[This site of the late Ron Resch was restored by Mitya Miller from the web fetch copy provided by Erik Demaine, with permission from his son Yon Resch and guidance provided by Robert J. Lang. If you spot any missing or broken links or images, please report them.]
The Vegreville Pysanka — Ron Resch Official Website
Home The Egg The Easter Egg The Vegreville Pysanka

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The Easter Egg

A web-friendly version of the original Egg Pamphlet

The Vegreville Pysanka

"Vegreville, a multi-cultural community of 4,000 plus, located 55 miles east of Edmonton on the Yellowhead Highway in Eastern Alberta, is home of the world's largest Pysanka - a giant, Ukrainian Easter Egg."

The Ukrainian tradition of decorating eggs with symbolic geometric designs has been handed down from generation to generation, often with regional variation. The Chamber of Commerce of the town of Vegreville, which, with its surrounding farmlands, has the largest Ukrainian settlement in Canada, made application in 1973 to the Alberta Century Celebrations Committee to erect a monument - a giant Pysanka (Ukrainian decorated Easter egg) - to commemorate the 100th Anniversary of the Royal Canadian Mounted Police.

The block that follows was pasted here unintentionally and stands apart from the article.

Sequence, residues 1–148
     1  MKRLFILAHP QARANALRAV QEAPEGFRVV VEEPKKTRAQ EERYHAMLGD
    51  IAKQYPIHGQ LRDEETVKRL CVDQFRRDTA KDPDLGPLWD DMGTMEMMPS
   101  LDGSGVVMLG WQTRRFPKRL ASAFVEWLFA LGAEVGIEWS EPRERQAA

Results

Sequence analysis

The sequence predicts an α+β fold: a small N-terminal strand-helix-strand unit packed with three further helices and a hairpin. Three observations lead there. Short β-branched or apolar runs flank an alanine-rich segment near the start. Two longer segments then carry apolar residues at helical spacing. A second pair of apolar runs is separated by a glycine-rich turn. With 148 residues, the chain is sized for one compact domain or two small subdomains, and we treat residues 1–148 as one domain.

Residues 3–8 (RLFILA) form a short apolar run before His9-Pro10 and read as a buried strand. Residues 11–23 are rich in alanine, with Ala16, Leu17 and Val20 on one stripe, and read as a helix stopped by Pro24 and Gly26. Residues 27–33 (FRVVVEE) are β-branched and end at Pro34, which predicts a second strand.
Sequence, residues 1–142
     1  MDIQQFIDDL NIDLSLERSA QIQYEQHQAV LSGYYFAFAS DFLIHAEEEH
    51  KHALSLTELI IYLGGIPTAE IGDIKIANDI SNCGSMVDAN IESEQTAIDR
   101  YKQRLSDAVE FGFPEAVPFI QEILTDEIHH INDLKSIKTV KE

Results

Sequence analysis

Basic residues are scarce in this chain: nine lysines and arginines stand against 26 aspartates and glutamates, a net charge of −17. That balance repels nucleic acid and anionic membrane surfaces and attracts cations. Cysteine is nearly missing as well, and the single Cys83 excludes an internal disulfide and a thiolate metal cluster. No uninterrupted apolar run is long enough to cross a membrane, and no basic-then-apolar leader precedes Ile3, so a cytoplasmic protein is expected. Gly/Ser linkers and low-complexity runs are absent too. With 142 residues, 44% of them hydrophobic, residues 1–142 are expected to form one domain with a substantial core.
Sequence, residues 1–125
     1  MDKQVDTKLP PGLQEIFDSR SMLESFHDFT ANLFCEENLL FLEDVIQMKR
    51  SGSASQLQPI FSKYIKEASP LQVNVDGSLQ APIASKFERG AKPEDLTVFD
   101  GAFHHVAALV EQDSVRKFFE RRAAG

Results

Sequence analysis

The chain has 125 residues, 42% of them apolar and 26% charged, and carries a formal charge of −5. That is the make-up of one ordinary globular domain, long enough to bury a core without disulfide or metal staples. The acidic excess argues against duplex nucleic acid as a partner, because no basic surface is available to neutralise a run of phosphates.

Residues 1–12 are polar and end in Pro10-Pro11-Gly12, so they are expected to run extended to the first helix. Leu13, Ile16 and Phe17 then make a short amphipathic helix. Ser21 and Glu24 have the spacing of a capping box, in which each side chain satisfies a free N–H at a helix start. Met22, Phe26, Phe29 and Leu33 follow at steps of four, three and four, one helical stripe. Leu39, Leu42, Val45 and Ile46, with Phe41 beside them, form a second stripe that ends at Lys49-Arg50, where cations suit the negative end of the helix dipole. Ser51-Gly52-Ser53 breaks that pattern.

It was Town Councilor Pysanky by Mrs. Sembatiuk, Kay McKenzie's suggestion. The Egg would symbolize the harmony and vitality in the multi-cultural settlement and signify the peace and security Edmonton, Alberta brought by the R.CM.P. It would be among a number of monuments funded by the Canadian government in observance of the Centennial, 1974. The uniqueness of the project won the Chamber a $15,000 matching grant for their monument, and they set out looking for a way to build an egg.

After having considered a variety of materials, which were respectively heavier, more costly, less permanent, more vandal able, they settled on aluminum, with permanent anodized color. However, they could find no one to design the geometry for an egg-shaped structure of this scale. Permaloy Enterprises of Ogden, Utah, would do the anodizing, but could only guarantee whites, golds, and bronzes to be colorfast.

It happened that Jack Woods, of Permaloy, knew of the work of University of Utah Computer Science Prof. Ron Resch, who had been experimenting with geometric patterns and folded-plate systems for some 10 years. Prof. Resch has done extensive research using computers and is responsible for the entire development of the concept for the Egg processed by computer. He holds patents for structural domes which can conform to any desired shape, but the Egg posed questions yet unanswered in many areas. This "dome" would have to (1) close back on itself, to form an enclosed shape; (2) maintain symmetry of pattern (an egg's shape is not elliptical, cylindrical or spherical); and (3) be structurally self-supporting. There was no mathematical definition for an egg. In fact, later studies proved that a person's concept of what shape an egg is, is quite different from what shapes eggs really are ... as varied as people.